The Institute of Chartered Secretaries and Administrators (ICSA) has published guidance on the proper purpose test that has been implemented under the Companies Act 2006 (“the Act”).
Sections 116 -119 of the Act mean that in order for a person (whether a member or not) to be able to inspect the register of members or obtain a copy thereof, such person now needs to satisfy the purpose test. ICSA has provided guidance as to what is meant by a ‘proper purpose’, as the term is not defined in the Act. Essentially, what constitutes a proper purpose in any particular case will be determined by the courts taking into account the facts and circumstances of each case.
Companies Act and the Proper Purpose Test
Under Section 116 of the Act, a member has the right to inspect the register without charge. A non-member may also obtain a copy of the register or part of it, upon payment of a prescribed fee. A formal request must be made to the company. Section 116(4) sets out the information that must be provided when submitting a request to the company including the requirement to state the purpose for which the information is to be used.
Under Section 117 of the Act, a company must within five working days, either comply with the request or refer the matter to court. If the court decides that the information is not being obtained for a proper purpose, it will instruct the company not to comply with the request. A company must not ignore or decline the request without an order of the court. To do so is an offence under Section 118, and both the Company and every officer in default would be liable to a fine and, for continued contravention, a daily default fine.
A proper and improper purpose
The ICSA publication contains examples of what it considers to be a proper or improper purpose in respect of requests to inspect, or require a copy of, a register of members. The publication clearly states that the lists are not intended to be exhaustive and a company’s response to a request will depend on the particular circumstances of the case.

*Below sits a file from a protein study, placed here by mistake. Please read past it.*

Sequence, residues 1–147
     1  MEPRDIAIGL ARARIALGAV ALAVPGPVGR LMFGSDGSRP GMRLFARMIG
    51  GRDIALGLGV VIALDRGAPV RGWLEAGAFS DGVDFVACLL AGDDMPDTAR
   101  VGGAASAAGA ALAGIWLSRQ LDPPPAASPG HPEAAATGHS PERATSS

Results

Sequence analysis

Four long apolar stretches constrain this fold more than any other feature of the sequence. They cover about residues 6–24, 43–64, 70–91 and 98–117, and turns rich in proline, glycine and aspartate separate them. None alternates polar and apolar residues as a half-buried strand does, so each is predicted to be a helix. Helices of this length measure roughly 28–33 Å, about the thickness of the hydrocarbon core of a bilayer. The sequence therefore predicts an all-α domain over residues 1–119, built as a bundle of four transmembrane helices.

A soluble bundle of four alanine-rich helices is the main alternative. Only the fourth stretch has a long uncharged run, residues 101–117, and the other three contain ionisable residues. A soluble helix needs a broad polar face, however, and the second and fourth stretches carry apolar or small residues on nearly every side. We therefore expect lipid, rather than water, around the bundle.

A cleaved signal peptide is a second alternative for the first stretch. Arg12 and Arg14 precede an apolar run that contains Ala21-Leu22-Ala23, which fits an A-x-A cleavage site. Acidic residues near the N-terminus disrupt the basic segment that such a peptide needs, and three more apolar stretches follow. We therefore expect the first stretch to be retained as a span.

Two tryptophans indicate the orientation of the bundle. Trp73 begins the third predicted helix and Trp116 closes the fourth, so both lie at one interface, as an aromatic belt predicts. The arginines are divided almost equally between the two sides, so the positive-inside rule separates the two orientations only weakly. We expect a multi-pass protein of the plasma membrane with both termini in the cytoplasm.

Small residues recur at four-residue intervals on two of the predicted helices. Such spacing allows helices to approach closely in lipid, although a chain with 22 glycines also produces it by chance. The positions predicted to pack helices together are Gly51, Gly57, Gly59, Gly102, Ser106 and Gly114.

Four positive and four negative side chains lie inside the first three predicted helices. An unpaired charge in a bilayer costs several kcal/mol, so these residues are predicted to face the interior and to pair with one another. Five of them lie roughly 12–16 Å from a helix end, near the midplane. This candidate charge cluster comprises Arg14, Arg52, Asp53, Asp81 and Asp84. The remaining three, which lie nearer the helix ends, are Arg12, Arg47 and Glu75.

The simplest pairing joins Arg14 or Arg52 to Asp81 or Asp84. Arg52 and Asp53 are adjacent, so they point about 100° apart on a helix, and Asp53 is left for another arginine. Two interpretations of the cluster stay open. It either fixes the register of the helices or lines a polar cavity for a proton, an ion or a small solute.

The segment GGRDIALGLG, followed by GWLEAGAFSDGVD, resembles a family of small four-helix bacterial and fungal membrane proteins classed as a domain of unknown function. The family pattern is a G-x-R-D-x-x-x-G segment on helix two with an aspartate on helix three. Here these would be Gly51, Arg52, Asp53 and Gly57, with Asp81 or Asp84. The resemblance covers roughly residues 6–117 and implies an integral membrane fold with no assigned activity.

Examples of proper purposes identified by the ICSA include:
- a request related to takeover offers and private acquisitions, where the bidder or anyone acting on their behalf requests access to the target’s register, prior to the bid being announced;
- a shareholder, or his attorney under a power of attorney, checking personal details are accurately recorded on the register; and
- a request from a regulatory or statutory body (e.g. the FSA, HMRC or the Takeover Panel).
Examples of improper purposes identified by the ICSA include:
- any purpose that could be unlawful, such as obtaining personal info that might abuse someone’s rights under the Data Protection Act 1998;
- offers relating to securities; and
- requests to obtain information for commercial mailings.
The full list of examples can be found at http://www.icsasoftware.com/dl/060607Access-to-the-Register-of-Members.pdf
Recommended Best Practice
- If a company receives a request and at least one purpose is considered improper it is recommended that the company refuses the whole application and refers the matter to court.
- If a request is made to access the register to obtain information on a single or limited number of shareholders, access should be limited to this information and not to the entire register.
- If a request is received for research purposes, conditions should be imposed such as the shareholder cannot be contacted directly and no personal information should be disclosed to a third party.
If in doubt the company should refer the matter to court. The court will judge whether the application is for a proper purpose on the merits of each individual case.